- 1-2 teaspoons ground coriander, to taste
- 1 (28 oz) can crushed tomatoes
- 6 cardamom pods, crushed
- 1/2 cup plain Greek yogurt (I used fat-free, any kind will work fine though)
- 1 tablespoon fresh lemon juice
- 1/4 cup cilantro leaves
- 1 cup peas, fresh or thawed (if frozen)
- Cooked jasmine, basmati, or saffron rice, for serving
- Naan bread, for serving
- Pulse ginger and garlic in a food processor until finely chopped. Add onion and pulse until finely chopped.
- Toss chicken with the tikka masala spice mix and 1 tsp salt. Heat 1 Tbsp olive oil in a large skillet over medium-high heat. Add chicken and cook through, about 6 – 7 minutes total. Transfer chicken to a plate.
- Heat remaining 1 Tbsp olive oil in same skillet over medium-high heat. Add chopped onion mixture and saute until onions have softened, about 3 minutes.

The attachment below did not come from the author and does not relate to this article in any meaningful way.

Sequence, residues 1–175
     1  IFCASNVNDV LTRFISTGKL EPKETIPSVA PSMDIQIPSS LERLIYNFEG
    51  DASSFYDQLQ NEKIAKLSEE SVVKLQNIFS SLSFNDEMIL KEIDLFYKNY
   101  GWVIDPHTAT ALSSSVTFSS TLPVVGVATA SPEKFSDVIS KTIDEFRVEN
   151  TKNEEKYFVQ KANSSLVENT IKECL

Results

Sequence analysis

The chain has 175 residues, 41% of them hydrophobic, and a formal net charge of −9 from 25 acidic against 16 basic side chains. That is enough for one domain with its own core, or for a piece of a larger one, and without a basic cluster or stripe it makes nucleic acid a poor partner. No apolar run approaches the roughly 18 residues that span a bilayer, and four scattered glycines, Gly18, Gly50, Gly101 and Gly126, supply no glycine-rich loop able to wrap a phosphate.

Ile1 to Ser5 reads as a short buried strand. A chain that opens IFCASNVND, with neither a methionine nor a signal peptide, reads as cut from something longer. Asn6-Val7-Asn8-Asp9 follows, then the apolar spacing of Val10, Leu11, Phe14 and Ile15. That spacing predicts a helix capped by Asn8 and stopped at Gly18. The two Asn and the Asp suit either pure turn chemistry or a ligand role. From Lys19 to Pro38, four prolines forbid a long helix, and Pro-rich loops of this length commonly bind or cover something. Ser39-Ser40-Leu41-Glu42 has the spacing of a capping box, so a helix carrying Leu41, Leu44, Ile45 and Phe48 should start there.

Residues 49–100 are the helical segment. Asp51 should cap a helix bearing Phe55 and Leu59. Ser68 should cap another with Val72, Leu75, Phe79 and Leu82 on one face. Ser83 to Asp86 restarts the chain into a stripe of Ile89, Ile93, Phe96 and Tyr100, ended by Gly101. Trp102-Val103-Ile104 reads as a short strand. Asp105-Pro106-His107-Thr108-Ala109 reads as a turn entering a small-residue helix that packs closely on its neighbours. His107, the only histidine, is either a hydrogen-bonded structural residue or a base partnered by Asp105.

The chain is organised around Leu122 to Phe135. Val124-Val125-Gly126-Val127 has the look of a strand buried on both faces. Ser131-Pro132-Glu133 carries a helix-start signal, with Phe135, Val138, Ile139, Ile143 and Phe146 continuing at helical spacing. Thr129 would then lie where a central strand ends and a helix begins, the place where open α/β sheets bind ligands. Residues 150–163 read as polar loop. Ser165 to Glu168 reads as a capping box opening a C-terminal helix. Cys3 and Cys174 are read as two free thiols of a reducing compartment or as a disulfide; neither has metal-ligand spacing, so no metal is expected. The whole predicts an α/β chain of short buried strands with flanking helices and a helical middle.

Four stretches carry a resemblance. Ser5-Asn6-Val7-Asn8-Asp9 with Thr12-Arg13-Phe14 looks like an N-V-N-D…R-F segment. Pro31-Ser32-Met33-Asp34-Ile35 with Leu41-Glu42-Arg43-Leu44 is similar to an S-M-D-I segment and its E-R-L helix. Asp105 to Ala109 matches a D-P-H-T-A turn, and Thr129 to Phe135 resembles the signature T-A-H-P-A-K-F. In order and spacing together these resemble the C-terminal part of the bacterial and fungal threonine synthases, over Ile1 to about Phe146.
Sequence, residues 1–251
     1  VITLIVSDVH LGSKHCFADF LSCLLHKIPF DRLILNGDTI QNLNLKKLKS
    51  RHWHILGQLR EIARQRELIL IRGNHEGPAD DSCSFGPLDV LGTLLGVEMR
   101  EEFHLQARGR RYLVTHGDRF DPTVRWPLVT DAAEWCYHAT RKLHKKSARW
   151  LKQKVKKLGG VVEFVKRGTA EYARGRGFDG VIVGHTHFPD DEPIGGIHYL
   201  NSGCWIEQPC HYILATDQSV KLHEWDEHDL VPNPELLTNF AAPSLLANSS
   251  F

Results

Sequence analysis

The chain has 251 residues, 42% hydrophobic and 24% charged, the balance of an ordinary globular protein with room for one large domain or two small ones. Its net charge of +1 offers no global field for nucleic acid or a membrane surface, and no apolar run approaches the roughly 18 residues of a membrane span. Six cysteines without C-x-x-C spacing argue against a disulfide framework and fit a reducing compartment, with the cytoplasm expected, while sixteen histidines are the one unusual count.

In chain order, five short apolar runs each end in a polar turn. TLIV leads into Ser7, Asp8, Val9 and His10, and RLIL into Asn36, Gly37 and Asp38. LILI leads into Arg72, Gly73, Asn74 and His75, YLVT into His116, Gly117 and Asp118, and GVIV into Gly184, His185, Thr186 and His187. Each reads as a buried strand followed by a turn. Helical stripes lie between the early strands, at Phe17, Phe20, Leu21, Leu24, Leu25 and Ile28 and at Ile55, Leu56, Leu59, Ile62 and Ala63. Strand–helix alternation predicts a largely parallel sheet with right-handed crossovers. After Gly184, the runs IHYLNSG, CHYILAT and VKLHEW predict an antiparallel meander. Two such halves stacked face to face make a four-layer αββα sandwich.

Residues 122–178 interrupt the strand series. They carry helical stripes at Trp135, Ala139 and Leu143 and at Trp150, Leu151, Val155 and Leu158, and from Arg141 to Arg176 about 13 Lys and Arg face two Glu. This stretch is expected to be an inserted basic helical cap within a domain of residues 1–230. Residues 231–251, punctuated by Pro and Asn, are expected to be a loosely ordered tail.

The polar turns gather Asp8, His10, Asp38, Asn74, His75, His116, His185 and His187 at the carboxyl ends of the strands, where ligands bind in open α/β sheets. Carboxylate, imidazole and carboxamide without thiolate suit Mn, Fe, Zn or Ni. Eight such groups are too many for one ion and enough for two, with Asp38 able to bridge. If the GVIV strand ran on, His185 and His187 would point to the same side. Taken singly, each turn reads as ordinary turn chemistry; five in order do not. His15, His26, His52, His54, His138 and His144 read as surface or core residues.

- Add tomato paste, turmeric, paprika, coriander, and cayenne, stirring constantly for about 30 seconds. Add crushed tomatoes and crushed cardamom pods, season with salt to taste, and cook, stirring occasionally until mixture is hot, about 2 minutes (you can let it simmer longer if needed if the canned tomatoes used were watery. If the canned tomatoes were thick you can add a few Tbsp of water if needed to thin the sauce mixture).
- Return chicken to pan and cook 1 minute longer.
- Remove from heat, stir in Greek yogurt and lemon juice. Serve warm over rice topped with cilantro and peas, and warm Naan bread on the side.
Note: Don’t eat the cardamom pods, just discard them as you find them.